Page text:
LG's edge-lit local dimming LED goes astray

Some buyers might appreciate its design and features, but the picture quality of the LG LE5500 lags behind other local-dimming LED-based LCDs.

LG's LE5500 series proves not all local-dimming LED-based LCDs are created equal. Sarah Tew/CNET

In the last few years, the most-compelling LCD challengers to the picture quality reign of plasma were equipped with multizone LED backlights that could dim or brighten in different areas of the screen independently. Broadly known as local-dimming technology, in the best cases it delivered superb black-level performance and manageable tradeoffs in the form of stray illumination or "blooming." In the worse cases, such as the LG LE5500 series, that stray illumination is not managed well.

Unfortunately, we suspect that many buyers lured by the LG's claims of dimming won't understand the differences--among them the fact that this TV uses LEDs that illuminate the screen from the edge, rather than from behind. The LE5500 does offer plenty of perks, including accurate color, decent bright-room performance, a stylishly thin frame, and numerous Internet features, but seekers of LED-based LCDs who place a premium on image quality should look elsewhere.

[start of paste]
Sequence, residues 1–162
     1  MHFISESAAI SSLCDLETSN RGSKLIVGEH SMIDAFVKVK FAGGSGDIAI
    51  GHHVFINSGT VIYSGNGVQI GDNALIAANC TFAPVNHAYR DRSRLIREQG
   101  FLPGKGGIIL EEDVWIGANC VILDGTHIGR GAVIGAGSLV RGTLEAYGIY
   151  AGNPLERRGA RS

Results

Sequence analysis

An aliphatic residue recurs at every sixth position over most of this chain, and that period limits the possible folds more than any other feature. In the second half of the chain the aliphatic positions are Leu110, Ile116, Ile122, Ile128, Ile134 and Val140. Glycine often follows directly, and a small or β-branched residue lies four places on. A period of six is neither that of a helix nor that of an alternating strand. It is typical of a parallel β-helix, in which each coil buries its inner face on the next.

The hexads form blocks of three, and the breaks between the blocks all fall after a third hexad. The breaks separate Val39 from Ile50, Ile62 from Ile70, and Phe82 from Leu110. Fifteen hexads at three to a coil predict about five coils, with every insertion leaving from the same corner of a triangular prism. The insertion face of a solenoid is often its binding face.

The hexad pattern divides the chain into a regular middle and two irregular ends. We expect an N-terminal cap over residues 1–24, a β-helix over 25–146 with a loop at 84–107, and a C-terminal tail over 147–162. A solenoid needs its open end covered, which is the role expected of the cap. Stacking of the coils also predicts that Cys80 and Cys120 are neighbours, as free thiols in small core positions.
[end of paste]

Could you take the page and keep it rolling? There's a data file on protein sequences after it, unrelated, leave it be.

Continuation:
Read the full review of the LG LH5500 series.

About the author

Section Editor David Katzmaier has reviewed TVs at CNET since 2002. He is an ISF certified, NIST trained calibrator and developed CNET's TV test procedure himself. Previously David wrote reviews and features for Sound & Vision magazine and eTown.com. He is known to two people on Twitter as "The Cormac McCarthy of consumer electronics."

 

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